•  2
    Counterfactuals Without Possible Worlds
    Journal of Symbolic Logic 50 (2): 556-557. 1985.
  •  15
    Logics of Truth
    Notre Dame Journal of Formal Logic 31 (2): 308-329. 1990.
  •  11
    The Philosophy of Computer Science
    Journal of Applied Logic 6 (4): 459. 2008.
  •  20
    A theory of properties
    Journal of Symbolic Logic 52 (2): 455-472. 1987.
  •  12
    Computable Models
    Springer. 2009.
    Raymond Turner first provides a logical framework for specification and the design of specification languages, then uses this framework to introduce and study ...
  •  26
    Three theories of nominalized predicates
    Studia Logica 44 (2). 1985.
    By the term nominalization I mean any process which transforms a predicate or predicate phrase into a noun or noun phrase, e.g. feminine is transformed into feminity. I call these derivative nouns abstract singular terms. Our aim is to provide a model-theoretic interpretation for a formal language which admits the occurrence of such abstract singular terms.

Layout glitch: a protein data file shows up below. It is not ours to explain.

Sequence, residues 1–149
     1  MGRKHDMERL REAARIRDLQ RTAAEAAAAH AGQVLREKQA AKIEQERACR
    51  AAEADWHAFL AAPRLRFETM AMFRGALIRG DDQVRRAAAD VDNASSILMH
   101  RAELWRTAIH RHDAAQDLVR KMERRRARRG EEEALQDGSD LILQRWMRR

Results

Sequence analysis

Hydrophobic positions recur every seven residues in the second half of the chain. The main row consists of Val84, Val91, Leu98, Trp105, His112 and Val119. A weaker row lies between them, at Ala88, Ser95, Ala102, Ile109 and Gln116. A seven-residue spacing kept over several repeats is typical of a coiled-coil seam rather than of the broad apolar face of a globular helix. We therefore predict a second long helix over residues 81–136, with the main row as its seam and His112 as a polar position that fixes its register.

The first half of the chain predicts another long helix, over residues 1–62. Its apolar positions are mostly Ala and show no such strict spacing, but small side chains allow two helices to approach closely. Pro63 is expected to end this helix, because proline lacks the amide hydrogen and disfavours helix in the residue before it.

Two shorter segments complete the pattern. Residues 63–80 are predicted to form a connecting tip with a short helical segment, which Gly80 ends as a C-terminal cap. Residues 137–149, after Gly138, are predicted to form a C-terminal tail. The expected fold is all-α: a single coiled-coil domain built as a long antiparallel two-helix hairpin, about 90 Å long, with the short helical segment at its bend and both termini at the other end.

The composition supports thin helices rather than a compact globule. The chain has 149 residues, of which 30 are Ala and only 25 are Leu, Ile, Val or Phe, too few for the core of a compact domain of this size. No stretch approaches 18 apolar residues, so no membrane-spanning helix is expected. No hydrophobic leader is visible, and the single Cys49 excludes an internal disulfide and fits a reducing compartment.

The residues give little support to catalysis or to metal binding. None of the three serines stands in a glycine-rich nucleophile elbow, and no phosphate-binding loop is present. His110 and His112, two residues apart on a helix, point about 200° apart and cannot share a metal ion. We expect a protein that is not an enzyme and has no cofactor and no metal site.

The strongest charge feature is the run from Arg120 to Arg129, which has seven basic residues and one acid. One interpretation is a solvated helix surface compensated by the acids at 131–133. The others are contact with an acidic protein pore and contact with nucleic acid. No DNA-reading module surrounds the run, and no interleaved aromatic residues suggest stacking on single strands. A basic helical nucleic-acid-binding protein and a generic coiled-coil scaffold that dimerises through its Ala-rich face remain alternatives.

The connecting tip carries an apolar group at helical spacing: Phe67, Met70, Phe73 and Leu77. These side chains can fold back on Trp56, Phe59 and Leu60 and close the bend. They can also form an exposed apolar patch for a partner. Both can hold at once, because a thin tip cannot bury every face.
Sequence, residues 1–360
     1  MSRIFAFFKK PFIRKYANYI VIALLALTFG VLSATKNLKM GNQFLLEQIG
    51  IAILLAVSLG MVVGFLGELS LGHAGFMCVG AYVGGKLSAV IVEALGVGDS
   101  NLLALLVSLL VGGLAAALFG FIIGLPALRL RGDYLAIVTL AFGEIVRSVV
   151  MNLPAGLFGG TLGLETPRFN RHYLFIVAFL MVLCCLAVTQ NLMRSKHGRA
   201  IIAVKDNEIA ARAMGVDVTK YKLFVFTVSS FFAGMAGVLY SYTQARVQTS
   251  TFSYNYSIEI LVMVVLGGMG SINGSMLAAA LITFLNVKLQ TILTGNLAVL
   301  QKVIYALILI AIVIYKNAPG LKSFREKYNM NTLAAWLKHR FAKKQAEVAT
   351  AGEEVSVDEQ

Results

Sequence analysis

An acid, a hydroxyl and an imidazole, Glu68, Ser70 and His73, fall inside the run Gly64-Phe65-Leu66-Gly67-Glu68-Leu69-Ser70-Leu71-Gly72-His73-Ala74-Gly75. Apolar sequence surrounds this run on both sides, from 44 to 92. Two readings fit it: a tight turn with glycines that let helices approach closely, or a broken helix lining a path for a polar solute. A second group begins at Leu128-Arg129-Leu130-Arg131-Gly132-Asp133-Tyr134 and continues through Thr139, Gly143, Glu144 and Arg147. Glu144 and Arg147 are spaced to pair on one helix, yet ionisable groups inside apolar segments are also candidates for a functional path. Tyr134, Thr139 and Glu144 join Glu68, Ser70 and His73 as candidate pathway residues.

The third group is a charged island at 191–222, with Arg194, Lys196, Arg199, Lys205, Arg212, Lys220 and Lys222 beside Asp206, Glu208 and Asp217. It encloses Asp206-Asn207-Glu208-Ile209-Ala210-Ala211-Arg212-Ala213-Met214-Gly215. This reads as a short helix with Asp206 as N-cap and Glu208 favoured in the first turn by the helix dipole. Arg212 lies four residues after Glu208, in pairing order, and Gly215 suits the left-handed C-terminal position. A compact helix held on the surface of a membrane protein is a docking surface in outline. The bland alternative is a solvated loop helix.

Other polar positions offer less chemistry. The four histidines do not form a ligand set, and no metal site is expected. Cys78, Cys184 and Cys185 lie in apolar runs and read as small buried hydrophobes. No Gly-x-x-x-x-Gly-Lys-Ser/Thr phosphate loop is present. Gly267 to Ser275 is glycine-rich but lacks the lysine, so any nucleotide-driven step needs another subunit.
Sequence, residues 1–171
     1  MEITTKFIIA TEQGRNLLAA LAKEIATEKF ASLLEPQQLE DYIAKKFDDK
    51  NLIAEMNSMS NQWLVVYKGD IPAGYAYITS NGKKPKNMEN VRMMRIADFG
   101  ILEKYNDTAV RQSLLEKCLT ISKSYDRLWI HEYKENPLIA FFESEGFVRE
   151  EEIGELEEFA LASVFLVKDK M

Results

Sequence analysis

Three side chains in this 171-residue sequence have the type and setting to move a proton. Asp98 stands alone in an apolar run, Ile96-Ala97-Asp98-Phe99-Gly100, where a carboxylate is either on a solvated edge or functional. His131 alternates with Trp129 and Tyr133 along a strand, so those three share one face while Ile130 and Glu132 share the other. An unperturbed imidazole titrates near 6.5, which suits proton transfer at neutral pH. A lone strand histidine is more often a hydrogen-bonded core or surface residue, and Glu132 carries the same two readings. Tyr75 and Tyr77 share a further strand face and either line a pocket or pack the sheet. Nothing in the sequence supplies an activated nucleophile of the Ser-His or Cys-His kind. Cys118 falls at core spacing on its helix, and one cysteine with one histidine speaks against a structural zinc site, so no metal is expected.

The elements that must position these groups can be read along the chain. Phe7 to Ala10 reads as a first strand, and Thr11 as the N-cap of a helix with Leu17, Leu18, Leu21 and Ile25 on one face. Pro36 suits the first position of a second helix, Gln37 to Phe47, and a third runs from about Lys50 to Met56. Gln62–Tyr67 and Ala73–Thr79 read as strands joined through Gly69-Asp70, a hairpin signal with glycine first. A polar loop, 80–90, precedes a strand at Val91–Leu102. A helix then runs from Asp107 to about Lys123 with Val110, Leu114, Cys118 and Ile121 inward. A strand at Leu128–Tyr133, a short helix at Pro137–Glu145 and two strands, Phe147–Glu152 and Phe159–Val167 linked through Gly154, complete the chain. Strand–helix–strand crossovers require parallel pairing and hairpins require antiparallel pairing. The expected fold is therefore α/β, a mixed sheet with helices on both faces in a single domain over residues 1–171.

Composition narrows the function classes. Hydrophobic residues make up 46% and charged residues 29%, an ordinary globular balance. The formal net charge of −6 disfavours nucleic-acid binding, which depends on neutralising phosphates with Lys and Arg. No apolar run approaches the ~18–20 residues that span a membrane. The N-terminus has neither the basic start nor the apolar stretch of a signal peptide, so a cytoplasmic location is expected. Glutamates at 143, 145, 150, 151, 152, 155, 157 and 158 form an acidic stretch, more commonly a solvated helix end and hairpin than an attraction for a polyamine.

•  23
    Problems in the ontology of computer programs
    Applied Ontology 2 (1): 13-36. 2007.
  •  90
    Minds and Machines 21 (2): 135-152. 2011.
    The specification and implementation of computational artefacts occurs throughout the discipline of computer science. Consequently, unpacking its nature should constitute one of the core areas of the philosophy of computer science. This paper presents a conceptual analysis of the central role of specification in the discipline
  •  68
    Understanding programming languages
    Minds and Machines 17 (2): 203-216. 2007.
    We document the influence on programming language semantics of the Platonism/formalism divide in the philosophy of mathematics.
  •  36
    In Defence of Axiomatic Semantics
    with Chris Fox
    In Piotr Stalmaszcyzk (ed.), Philosophical and Formal Approaches to Linguistic Analysis, Ontos Verlag. pp. 145. 2012.
    We may wonder about the status of logical accounts of the meaning of language. When does a particular proposal count as a theory? How do we judge a theory to be correct? What criteria can we use to decide whether one theory is “better” than another? Implicitly, many accounts attribute a foundational status to set theory, and set-theoretic characterisations of possible worlds in particular. The goal of a semantic theory is then to find a translation of the phenomena of interest into a set-the…Read more